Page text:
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Atlanta Braves to leave Turner Field for new taxpayer-supported park

By David Beasley

ATLANTA (Reuters) - The Atlanta Braves will leave Turner Field, their downtown home that is not yet two decades old, for a new $672 million county stadium partially funded by taxpayers, the team said in a surprise announcement on Monday.

The new ballpark, which the Major League Baseball team wants to be ready for its spring 2017 opening day, will be located 12 miles north of Turner Field, built for the 1996 Olympic games and renovated for the Braves by the following season.

Atlanta Mayor Kasim Reed said the city was unwilling to put up the hundreds of millions in tax dollars needed to keep the Braves downtown.

"It is my understanding that our neighbor, Cobb County, made a strong offer of $450 million in public support to the Braves, and we are simply unwilling to match that with taxpayer dollars," he said in a statement.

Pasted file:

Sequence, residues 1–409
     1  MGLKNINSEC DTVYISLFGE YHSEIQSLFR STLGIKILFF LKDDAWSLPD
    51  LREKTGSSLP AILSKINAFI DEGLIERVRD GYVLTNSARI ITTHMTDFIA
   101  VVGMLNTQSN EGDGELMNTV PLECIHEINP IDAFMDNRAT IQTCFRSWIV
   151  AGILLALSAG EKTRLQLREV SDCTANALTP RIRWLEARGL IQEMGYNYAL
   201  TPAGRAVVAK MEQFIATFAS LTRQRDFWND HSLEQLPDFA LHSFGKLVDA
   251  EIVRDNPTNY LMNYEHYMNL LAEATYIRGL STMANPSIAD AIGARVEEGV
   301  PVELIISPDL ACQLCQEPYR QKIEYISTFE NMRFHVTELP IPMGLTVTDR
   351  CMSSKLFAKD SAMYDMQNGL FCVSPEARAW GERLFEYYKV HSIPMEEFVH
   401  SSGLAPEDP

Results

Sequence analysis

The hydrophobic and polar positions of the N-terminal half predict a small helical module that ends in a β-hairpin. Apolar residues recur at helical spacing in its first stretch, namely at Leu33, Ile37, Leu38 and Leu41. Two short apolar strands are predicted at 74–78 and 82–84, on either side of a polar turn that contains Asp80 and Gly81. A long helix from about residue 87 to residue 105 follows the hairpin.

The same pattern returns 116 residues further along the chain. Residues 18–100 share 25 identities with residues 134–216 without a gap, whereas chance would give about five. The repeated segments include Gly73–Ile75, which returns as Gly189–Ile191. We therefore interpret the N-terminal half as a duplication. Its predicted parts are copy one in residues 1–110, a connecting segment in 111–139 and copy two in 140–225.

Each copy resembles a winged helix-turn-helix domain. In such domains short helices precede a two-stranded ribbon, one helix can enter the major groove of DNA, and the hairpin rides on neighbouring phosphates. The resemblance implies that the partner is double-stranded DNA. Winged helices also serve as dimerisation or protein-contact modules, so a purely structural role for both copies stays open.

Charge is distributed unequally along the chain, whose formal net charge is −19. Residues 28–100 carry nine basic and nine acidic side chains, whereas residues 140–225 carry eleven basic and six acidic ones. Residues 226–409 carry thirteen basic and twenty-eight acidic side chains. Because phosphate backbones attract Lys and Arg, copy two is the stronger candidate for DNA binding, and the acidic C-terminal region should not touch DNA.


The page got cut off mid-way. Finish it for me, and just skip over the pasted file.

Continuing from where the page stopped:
Turner Field, named for media mogul and former team owner Ted Turner, needs $150 million in renovations, including new seats and upgraded lighting, the Braves said.

It also lacks adequate parking and the team has no control over development around it, according to the Braves.

The new stadium will be near the intersection of two major interstates in Cobb County.

"We believe the new stadium location is easy to access, while also giving our fans a first-rate gameday experience in and around the ballpark and making it a 365-day-a-year destination," said Atlanta Braves President John Schuerholz.

The site also will include land for retail, restaurants and hotels, the team said.

The Braves said the county will invest in the stadium but did not say how much taxpayers would shoulder. The exact source of Cobb County's public funding has not yet been finalized, said county spokesman Robert Quigley.

Baseball Commissioner Bud Selig said the league was kept apprised of the Braves' plans and supported the move.

The Braves said they would not renew its lease with the city of Atlanta and Fulton County Recreation Authority when it expires at the end of 2016.

Reed said the city would work during the next three years with prospective partners to redevelop the Turner Field area.

(Editing by Colleen Jenkins and Philip Barbara)

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